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Daily Current Affairs : 14-Jan-2020

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Why in news?

  • Two Indian Coast Guard Ships (ICGS) — Annie Besant and Amrit Kaur — were commissioned by Defence Secretary Ajay Kumar at Kolkata on 12th January, 2020.


Historical Scenario:

ICGS Annie Besant

  • ICGS Annie Besant was named in honour of Annie Besant, philanthropist, theosophist, prolific author and supporter of the Indian freedom struggle.

  • The ship will be based at Chennai under the operational and administrative control of the Commander, Coast Guard Region (East).

ICGS Amrit Kaur

  • ICGS Amrit Kaur derives the name from Rajkumari Amrit Kaur, who belonged to the ruling family of Kapurthala, Punjab.

  • She took active part in the ‘Salt Satyagraha’ and ‘Quit India Movement’, and served Independent India as its first Health Minister.

  • She worked towards uplift of the less privileged, the progress of women, and was a founder-member of All India Women’s Conference and founder-President of Indian Council for Child Welfare.

  • The ship will be based at Haldia under the operational and administrative control of the Commander, Coast Guard Region (North East).


  • ICGS Annie Besant and ICGS Amrit Kaur are fitted with state-of-the-art technology, navigation and communication equipment, sensors and machinery.

  • The ships are also equipped with Bofors 40/60 guns and 12.7 mm SRCGs (Stabilised Remote Controlled Gun) for enhancing the fighting efficiency of the ship.

  • The ships carry one RIB (Rigid Inflatable Boat) and a Gemini boat each for swift boarding and search and rescue operations.

  • ICGS Annie Besantis commanded by Commandant (JG) Sunny Deo while ICGS Amrit Kaur is commanded by Commandant (JG) Himanshu Mishra, the release added.

Source: PIB



Part of GS- 1 A&C

Why in news?

  • The President of India, Shri Ram Nath Kovind has greeted his fellow citizens on the eve of the festivals of Lohri, Makar Sankranti Pongal, Bhogali Bihu, Uttarayan and Poush.


  • Makara Sankranti or Maghi, is a festival day in the Hindu calendar, dedicated to the deity Surya.

  • It is observed each year in January(14).

  • It marks the first day of the sun's transit into Makara (Capricorn), marking the end of the month with the winter solstice and the start of longer days.

  • Makar Sankranti is observed according to solar cycles.

  • It is held normally on the 14th of January, or a day before or after.

  • In certain regions celebrations can go on for even four days and vary a lot in the rituals.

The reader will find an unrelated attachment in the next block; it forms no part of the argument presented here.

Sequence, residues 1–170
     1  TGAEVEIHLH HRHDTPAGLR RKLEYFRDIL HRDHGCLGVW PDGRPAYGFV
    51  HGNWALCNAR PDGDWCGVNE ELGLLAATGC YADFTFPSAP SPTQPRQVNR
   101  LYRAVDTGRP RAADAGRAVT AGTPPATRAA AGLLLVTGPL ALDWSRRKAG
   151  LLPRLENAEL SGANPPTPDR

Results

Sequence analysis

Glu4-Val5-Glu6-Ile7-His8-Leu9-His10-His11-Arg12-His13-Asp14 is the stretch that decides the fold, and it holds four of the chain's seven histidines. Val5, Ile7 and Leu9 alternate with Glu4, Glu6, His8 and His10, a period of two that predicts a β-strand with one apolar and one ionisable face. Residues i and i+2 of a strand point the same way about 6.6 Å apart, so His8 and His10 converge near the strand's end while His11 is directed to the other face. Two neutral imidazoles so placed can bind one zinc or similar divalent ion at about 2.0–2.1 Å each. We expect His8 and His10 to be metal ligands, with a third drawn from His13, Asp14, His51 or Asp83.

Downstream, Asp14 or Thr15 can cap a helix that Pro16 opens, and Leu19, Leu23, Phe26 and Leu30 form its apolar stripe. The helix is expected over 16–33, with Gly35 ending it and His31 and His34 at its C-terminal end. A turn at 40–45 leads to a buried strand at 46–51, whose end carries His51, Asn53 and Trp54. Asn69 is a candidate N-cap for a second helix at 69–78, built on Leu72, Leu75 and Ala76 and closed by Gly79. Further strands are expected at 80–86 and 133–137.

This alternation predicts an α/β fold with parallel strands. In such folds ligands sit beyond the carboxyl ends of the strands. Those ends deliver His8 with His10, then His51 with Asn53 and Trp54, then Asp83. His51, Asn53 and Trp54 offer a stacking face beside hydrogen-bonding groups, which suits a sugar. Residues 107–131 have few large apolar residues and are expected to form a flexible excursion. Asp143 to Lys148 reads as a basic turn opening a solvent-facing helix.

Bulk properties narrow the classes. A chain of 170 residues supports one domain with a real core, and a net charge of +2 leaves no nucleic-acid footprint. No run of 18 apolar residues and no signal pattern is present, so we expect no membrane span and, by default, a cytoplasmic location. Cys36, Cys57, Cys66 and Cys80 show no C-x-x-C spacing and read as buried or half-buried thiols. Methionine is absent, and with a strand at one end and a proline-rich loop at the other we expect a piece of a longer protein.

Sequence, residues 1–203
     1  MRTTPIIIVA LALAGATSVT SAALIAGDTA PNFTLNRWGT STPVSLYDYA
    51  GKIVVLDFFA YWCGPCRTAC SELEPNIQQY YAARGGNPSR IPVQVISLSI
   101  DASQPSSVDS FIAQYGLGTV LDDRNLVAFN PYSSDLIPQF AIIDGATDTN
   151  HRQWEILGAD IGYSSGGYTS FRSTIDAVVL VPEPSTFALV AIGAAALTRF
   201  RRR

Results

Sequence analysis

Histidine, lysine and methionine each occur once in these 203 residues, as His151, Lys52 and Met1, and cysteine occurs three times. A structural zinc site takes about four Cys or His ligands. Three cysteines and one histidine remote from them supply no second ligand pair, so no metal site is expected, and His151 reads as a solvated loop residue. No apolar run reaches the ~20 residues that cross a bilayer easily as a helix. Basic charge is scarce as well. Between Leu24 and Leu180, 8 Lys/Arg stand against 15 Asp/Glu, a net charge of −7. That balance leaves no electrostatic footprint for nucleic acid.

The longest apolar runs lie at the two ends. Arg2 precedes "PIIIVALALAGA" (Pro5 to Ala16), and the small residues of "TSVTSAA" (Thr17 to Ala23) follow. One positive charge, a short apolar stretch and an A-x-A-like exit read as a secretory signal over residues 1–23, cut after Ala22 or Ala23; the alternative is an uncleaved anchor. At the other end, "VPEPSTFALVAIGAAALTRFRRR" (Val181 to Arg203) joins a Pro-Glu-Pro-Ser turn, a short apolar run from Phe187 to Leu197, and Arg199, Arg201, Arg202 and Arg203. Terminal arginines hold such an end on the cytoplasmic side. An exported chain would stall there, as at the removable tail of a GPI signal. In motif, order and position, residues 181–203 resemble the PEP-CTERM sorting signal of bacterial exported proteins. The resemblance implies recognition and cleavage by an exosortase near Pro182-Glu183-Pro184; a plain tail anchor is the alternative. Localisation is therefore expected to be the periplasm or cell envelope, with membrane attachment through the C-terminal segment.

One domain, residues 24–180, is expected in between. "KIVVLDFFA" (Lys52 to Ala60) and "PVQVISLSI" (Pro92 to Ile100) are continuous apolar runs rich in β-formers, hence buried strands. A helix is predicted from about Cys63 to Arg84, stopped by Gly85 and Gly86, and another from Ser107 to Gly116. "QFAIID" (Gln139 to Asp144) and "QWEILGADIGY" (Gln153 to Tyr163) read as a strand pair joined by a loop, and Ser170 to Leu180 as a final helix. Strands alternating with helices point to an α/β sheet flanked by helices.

New Year Festival across India

  • Makar Sankrant in Maharashtra

  • Makar Sankramana in Karnataka

  • Uttarayan in Gujarat

  • Sukaraat in Madhya Pradesh

  • Khichdi Parwa in parts of Bihar, Jharkhand and Uttar Pradesh.

  • Bhogali Bihu in Assam

  • Lohri in Punjab and Jammu

  • Maghi in Haryana and Himachal

  • Saen-kraat in Kashmir

  • Paush Parbon in Bengal

  • Pongal in Tamil Nadu

Source: PIB



Part of GS- 3 Economy

Why in news?

  • The list, based on data from the United Nations Population Division, appears unusual; this is because the total fertility rate (TFR, the number of children a woman is likely to have in the childbearing age of 15-49) in Kerala is 1.8 as per NITI Aayog data from 2016 — below the replacement rate of 2.1.


  • The Economist put Malappuram at the top of the “Top ten fastest-growing cities” in the world, based on “Total % change, 2015-20 forecast”.

  • Another Kerala city, Thrissur, is No. 13, and the capital Thiruvananthapuram is No. 33 on the UN list. Tiruppur in Tamil Nadu — which has an even lower TFR of 1.6 — is No. 30. Surat in Gujarat (TFR of 2.2) is No. 27.

  • There is no representation on the list from high population growth states like Bihar and UP.

  • Fastest growing refers to population? How is a “city” defined?

  • The UN list refers to “urban agglomerations” (UA), which are extended areas built around an existing town along with its outgrowths — typically villages or other residential areas or universities, ports, etc., on the outskirts of the town.

  • The Census defines a UA as “a continuous urban spread consisting of a town and its adjoining urban outgrowths or two or more physically contiguous towns together”.

  • Thus, the UA of Greater Mumbai includes Greater Mumbai and the municipal corporation areas of Mira-Bhayander, Thane, Navi Mumbai, and Kalyan-Dombivali, plus the municipal council areas of Ulhasnagar, Ambernath and Badlapur.

  • The National Capital Territory of Delhi is a UA that includes the Municipal Corporation of Delhi (MCD) and New Delhi Municipal Council (NDMC) areas, as well as 107 “Census towns” — erstwhile surrounding villages where more than 75% of the population is now engaged in non-agricultural pursuits.

Source: Indian Express



Part of GS- 1 Social Issue

Why in news?

  • According to data from the National Commission for Safai Karamcharis (NCSK), of the 926 deaths inside sewers in the country, from 1993 till December 31, 2019, families of 172 victims were yet to receive compensation.


  • Tamil Nadu, which had the highest number of such deaths, had paid compensation in all but seven of the 234 cases. Gujarat was yet to pay or confirm payment in 48 of the 162 sewer deaths recorded in the State, and in 31 of those cases, the legal heir could not be traced, the data showed.